Monday 30 April 2012

Questions about writing

Arvon is asking for writers to answer some questions about their writing practice, some of which will be included in a new book published later this year. I found this a useful and enlightening exercise and thought I would share my answers here. if you want to fill in their questionnaire head over to

I would say that it is both inventing and discovering. Some pieces of writing come as an overwhelming urge, there is a sense of urgency that drives pen to paper - rather like an incredible itch that you just have to scratch. 

Other ideas bubble away under the surface for a while until they are finally ready to burst forth into the light of day - this quiet bubbling of ideas can take days, weeks or even years.

What things trigger your imaginative process (for example, significant personal experiences, particular people, places, objects, dream imagery, myths, history, etc)?

There are a huge variety of things that can trigger ideas for me. Travel is one and if I am feeling blocked I often go on a train journey to another town - I think it is the physical movement of the travelling rather than the destination that is important to my writing process.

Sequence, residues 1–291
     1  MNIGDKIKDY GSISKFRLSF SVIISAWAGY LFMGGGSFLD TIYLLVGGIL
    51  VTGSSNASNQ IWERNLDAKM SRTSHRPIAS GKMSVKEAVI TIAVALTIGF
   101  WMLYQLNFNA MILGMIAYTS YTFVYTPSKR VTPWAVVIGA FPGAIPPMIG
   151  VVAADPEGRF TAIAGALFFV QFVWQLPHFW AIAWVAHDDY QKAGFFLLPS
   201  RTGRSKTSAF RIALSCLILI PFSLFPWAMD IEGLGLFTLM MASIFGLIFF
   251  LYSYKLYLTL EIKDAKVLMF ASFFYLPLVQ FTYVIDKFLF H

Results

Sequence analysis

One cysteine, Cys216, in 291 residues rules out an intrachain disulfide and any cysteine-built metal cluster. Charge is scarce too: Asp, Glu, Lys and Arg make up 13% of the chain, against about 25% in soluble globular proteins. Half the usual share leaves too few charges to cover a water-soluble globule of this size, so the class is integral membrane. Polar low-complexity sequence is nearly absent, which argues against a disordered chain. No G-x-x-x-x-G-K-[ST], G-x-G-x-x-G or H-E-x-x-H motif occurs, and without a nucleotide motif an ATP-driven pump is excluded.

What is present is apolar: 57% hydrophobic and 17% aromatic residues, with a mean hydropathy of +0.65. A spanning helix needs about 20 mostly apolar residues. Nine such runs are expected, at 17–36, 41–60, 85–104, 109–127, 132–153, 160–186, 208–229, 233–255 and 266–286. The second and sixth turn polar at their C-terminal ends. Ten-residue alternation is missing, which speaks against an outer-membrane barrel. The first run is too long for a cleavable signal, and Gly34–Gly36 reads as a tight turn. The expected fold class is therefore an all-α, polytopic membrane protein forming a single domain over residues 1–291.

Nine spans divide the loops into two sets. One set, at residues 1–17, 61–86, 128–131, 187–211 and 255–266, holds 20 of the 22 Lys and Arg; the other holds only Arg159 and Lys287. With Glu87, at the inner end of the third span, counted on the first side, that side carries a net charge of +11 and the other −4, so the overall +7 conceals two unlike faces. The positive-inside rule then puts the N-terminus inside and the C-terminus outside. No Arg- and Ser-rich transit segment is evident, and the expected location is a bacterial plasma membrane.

Reading the work of other writers is another sure fire way of getting the creative juices flowing. I read a wide variety of prose and poets, but do have a few favourite poets that I go back to time and again if I want a sure fire hit of inspiration (C.D. Wright, Alice Oswald, Agnes Lehoczky).

Other things that inspire me are my own past, myth and fairytale - I could go on and on. Workshops with other writers are a rich source of material - and Arvon courses are great!

How do you work - do you plan carefully or explore in the dark, trusting the process?

I generally go where my inspiration takes me and then edit carefully later. Sometimes I have in mind that something might be part of a series but for the initial germ of the poem I generally go with the idea that comes.

Do you feel in control of your writing or are you responsive to the requirements of the work as it unfolds?

I am in control of the editing and of creating the right conditions for creativity take place, but the ideas themselves sometimes seem to come from some higher place. I can sit down with an idea of something and end up being taken in a completely different direction.

Do you write a first draft quickly and then revise it, or build carefully from the start?

I tend to write my first drafts very quickly - sometimes the ideas are almost tumbling over one another to get on the page. Then it is a case of excavating the poem from the initial piece. Occasionally a poem arrives almost fully formed but more often than not a lot of editing and re-ordering takes place before I am happy with it.

How do you deal with blocks in the writing process?

Going on workshops, reading and travelling.

Do you write in service of any particular values?